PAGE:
As I browse through the listings on dimeadozen, I often chuckle at the names of heavy metal bands. “This can’t be real?!?!”
Here is a simple quiz. There are 12 band names. Some are real, that is, they are taken from dimeadozen listings, which are in the Heavy Metal category; others are names I made up. Your challenge is to identify which are real and which are the result of me having too much time on my hands. No cheating, no researching; all you can do is look at the list.
I would think most of you will have some thoughts on this matter, or at least give credence to the notion that heavy metal ran out of gas at some point. I stumbled across this entire Black Sabbath concert from 1970. I find it especially interesting in how simple and direct the band’s performance is. They’re just, like, dudes…with good equipment.
As interesting as this concert is, I propose that the gauge on heavy metal first neared “E” sometime during this gig.
A premature premonition of Ronnie James Dio’s impending death, circa 1984, so rocked a Townsman and his old college buddy that they quickly picked up pen, axe, and other tools of the recording arts and bashed out the following number.
I know next to squat about the recently deceased Ronnie James Dio. I know he replaced Ozzy Osbourne in Black Sabbath, and I think I know he was really short. And I know he led a band called Dio. He seemed like a totally reasonable, level-headed guy in this recently conducted interview. I’m only slightly surprised, after learning in recent years that heavy metal icons can be regular blokes too.
It’s hard enough for any rocker to age. Rockers in some genres can turn to folkier, bluesier singer-songwriter material to grow dignified and old, but what’s an aging icon of metal to do? Robert Plant, not quite a heavy metal singer, but close enough for discussion, has classed up his act into his 60s by effectively going roots-rock. Has any other metal musician found a way to make music and present himself in a way more appropriate to his age? Is Ritchie Blackmore and his medieval lute-rock the next best attempt? Has Metallica effectively prepared for old age by crafting their middle-aged PowerPoint Rock Strategy?
July 17 — London, England — Longtime Broadway musical composer Sir Andrew Lloyd Weber admitted today that he was the “mastermind” behind numerous faux-metal hits purportedly written by melody-speed metal band Dragonforce. In interviews conducted at Weber’s Chelsea residence, the composer of numerous hit musicals confessed: “Maybe it’s the brandy talking, or maybe I’m just missing Elton like crazy, but… for goodness sake — couldn’t the music-listening world spot a late-20th-century ‘Lion King’ melody when they hear one? I mean, seriously… just listen to that song ‘Through the Fire and the Flames.’ It’s like ‘Cats’ or something.”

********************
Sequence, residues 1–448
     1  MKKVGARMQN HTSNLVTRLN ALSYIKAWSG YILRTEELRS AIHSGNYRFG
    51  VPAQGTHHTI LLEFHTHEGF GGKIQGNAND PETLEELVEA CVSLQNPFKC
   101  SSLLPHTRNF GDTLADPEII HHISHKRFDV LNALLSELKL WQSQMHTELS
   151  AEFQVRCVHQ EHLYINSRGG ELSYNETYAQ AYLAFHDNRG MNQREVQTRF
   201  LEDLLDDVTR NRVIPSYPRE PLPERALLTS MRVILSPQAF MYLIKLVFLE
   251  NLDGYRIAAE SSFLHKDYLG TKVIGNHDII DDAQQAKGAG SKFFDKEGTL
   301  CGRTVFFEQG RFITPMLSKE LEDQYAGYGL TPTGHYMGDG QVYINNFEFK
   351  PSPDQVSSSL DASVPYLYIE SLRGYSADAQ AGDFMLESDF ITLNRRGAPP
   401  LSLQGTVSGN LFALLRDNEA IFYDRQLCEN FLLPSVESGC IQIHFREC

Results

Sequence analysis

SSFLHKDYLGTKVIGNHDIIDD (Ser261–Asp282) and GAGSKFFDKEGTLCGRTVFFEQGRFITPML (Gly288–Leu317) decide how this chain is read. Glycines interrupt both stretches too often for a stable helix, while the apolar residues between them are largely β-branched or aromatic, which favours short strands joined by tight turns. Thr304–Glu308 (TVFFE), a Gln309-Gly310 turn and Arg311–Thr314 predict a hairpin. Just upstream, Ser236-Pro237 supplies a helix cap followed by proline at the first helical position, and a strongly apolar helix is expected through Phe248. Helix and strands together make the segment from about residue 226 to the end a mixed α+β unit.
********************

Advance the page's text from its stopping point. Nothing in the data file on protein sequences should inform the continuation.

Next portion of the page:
Weber went on to point out that though he had hired “pretty boys” to play the astonishingly fast guitar solos that undergird the band’s repertoire, “I want the whole world to know, those two really can play that fast. I truly think today’s youth could learn a thing or two about discipline, determination, and — yes — athleticism from those two youngsters.”
Perhaps the evening’s most telling moment unfolded when a representative of online music blog Rock Town Hall asked Weber why he had bothered writing music for the speed-metal band. After spilling his brandy alexander, Weber confessed that he “relished a challenge,” and added that he wanted to “do his part to finally and fully break down the conceptual walls between what is considered musical theatre and what is considered ‘heavy metal,'” adding, “I mean, really: that fine line between Judas Priest and ‘Les Miserables’ was just begging to be smudged, wasn’t it?” He then mumbled something that couldn’t be deciphered about the tastes of 15-year-old boys and the Broadway musical genre, and fell abruptly under the table.
Approximately 5 minutes later, the songwriter excused himself, saying he was overdue for a foot massage, and directed all follow-up questions to his personal chef, Jacques. Jacques immediately left the room, and the briefing was brought to a close.
Have you ever seen the VH1 Classic show That Metal Show? Every once in a while I’m flipping channels and, although I have almost zero interest in heavy metal music, I stop flipping when this show is on and watch for about 15 minutes. It’s really well done, and I’m envious that Rock Town Hall doesn’t have its own VH1 Classic show on which we could do our thing, discuss our music, with a live audience composed of our Townspeople.
For as little as I know and care about metal, I know even less about the hosts, some guy named Eddie Trunk and his two middle-aged buddies. I know not a thing about these dudes, in fact, but I care about them. They’re funny enough. They’re nerdy, knowledgeable, and opinionated about the music they love. They love the music they love for many of the same reasons, from solid to ridiculous, that we love the music we love. Unlike other, rare rock discussion shows I’ve seen on tv or heard on the radio over the years (eg, that radio show out of Chicago), That Metal Show doesn’t seem to be loaded with stock, publicist-inspired crit-ass kissing. This show seems more natural and sincere.
If you’ve never seen this show, I suggest you check it out. If you have seen it, what do you think?